Tomorrow morning, Motorola will host a Google Hangout at 11am PST featuring Jim Wicks, the company’s lead designer of the Moto 360 smartwatch. During the Hangout, preselected questions will be answered specifically regarding the smartwatch’s design/style, and not actual operation of the device. (more…)
Motorola just announced what can only be described as the most gorgeous smartwatch to date, the Moto 360. If you ask me, the rest can all be thrown out – Moto has won me over. They gave us a watch that looks like a classic timepiece, yet is smart and runs Android. It’s not some completely off-track take on the future. It’s not trying to be edgy or trendy or a reinvention. It reminds me of a timepiece I would actually purchase, smart features aside.
Now, there are still plenty of things that could ruin it, like lousy battery life or a crazy steep price tag. For now, though, I’m on-board.
And with that, I’ve found myself staring at the 360-degree images that Motorola posted, plus the official press renders. This thing really is beautiful. So, because I’d imagine a few of you might like to watch these watches go round-and-round, we have included them in GIF formats below.
Two companies have already unveiled their plans for bringing Android Wear to the market – the Moto 360 from Motorola and the G Watch from LG. Other companies including HTC, Samsung, and even Fossil have announced partnerships with Google to bring Android Wear to the market.
With that being said, it’s time for us to gauge who among us plans on dropping cash as soon as they hit the market. As for when that will be, LG states that the G Watch should launch in Q2 of this year, and Motorola states the Moto 360 will be available “this summer.”
Let’s hear your thoughts in the comments section below.
The device’s hardware evokes a classic timepiece, with a premium metal body and a visually stunning round display. On the software front, the Moto 360 will feature the standard array of Google Now elements – like “Ok Google” voice commands and contextual cards – central to Android Wear, in addition to a wrist-twisting gesture which will allow you to quickly view e-mail, call, and appointment notifications.
Pricing and release details on the device are scarce, but Motorola is aiming for a Summer 2014 launch window. For those interested in the Moto 360 (and who isn’t?), head on over to Motorola’s website to sign up for more info. (more…)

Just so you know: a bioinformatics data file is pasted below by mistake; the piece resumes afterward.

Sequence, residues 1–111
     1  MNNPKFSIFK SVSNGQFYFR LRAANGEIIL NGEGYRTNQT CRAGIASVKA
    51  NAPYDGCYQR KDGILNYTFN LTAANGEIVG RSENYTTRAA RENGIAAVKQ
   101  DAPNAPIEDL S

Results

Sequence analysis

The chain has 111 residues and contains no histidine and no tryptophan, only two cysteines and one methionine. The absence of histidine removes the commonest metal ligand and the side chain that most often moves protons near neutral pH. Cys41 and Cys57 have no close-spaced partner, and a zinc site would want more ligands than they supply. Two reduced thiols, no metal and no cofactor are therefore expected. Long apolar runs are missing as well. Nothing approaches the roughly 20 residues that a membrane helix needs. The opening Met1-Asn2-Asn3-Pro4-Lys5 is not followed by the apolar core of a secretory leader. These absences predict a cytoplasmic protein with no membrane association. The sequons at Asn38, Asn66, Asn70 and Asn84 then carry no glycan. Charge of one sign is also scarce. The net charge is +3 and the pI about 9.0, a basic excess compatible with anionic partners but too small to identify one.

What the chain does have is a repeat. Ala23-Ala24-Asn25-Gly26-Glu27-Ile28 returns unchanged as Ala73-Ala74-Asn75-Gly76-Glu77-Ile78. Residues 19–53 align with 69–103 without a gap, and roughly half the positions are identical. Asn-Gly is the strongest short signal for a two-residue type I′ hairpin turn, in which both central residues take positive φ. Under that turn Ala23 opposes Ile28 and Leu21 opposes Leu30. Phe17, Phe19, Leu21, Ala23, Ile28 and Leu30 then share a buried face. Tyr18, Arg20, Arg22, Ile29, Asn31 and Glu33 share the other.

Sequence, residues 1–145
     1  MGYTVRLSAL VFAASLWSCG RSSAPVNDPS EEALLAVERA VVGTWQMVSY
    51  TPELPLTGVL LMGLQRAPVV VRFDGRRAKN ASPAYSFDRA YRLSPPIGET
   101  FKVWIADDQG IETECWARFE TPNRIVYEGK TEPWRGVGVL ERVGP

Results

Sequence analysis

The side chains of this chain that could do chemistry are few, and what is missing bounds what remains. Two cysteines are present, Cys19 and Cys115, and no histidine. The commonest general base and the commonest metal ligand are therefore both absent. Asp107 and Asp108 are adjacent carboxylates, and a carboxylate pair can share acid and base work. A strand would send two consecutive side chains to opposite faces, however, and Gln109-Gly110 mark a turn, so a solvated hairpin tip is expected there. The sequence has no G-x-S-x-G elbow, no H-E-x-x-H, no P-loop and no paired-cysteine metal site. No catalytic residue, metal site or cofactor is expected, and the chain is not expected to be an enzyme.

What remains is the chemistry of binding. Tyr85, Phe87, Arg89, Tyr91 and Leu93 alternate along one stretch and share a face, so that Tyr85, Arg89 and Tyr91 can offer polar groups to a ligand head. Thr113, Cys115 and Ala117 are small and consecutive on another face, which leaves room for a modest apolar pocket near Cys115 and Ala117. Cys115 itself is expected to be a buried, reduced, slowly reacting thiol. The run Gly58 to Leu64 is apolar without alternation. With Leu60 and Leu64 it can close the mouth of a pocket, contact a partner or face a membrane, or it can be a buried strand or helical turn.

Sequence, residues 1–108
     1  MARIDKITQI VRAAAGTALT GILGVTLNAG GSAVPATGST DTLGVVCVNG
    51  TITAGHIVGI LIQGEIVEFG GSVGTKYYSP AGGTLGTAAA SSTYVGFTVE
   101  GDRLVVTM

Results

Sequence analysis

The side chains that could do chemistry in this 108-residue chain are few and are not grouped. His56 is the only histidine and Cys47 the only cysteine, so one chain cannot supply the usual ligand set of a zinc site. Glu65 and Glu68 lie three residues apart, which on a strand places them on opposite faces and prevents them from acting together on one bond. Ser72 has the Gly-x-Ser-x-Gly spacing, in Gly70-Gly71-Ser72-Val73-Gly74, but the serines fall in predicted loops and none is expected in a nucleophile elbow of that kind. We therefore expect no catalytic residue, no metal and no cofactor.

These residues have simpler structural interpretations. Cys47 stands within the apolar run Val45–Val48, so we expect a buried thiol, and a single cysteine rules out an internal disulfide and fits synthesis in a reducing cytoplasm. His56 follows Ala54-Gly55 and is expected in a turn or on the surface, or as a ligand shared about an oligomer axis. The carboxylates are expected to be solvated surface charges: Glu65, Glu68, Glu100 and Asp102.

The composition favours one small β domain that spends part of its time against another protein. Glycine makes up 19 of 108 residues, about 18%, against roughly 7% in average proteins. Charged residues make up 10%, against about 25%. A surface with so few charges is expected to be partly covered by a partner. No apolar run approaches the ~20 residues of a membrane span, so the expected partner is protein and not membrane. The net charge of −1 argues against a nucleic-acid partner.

Developers, your Android Wear developer preview is now available. We already showed you Android Wear in action, but in order to get your own apps ready for that type of experience, Google is letting you get in on the action early.
The dev preview – once you sign up – will get you into an emulator that will let you preview how your notifications will look on both square and round Android wearables. That’s right, we are getting multiple shapes, including a round watch from Motorola dubbed the Moto 360. The preview also includes new Android Wear APIs, so that you can “customize and extend notifications to accept voice replies, feature additional pages, and stack with similar notifications.” (more…)
In the press release for Google’s new wearables platform, called Android Wear, they talked about a developer preview that can be downloaded by developers who want to get their apps ready for live action on wrists. They also released a video for the developer preview, which just so happens to show a watch in action (or at least a video rendering of how it could work).
You get a full preview of the UI, how the card-style information is presented, navigated through, what happens when you say “OK, Google” to perform an action, and how quickly you can reply using your voice to something like a Hangouts message. (more…)
Well, Google just unwrapped it’s new wearables SDK, along with a video preview of their vision for Android in products on your body. It’s called Android Wear, and yes, it’s certainly just like Google Now, in that it provides you with information as you need it or as it happens in a card-style format. Google is starting first with watches, but as Android boss Sundar Pichai already said, watches are only the beginning.
Through Android Wear, you can ask your watch questions with an “OK, Google” command, monitor your fitness, control other devices from your wrist, and of course, see timely info and suggestions “right when you need them.”
Google is claiming that they created a new UI specifically for wearables that is based around contextual information, along with your voice. (more…)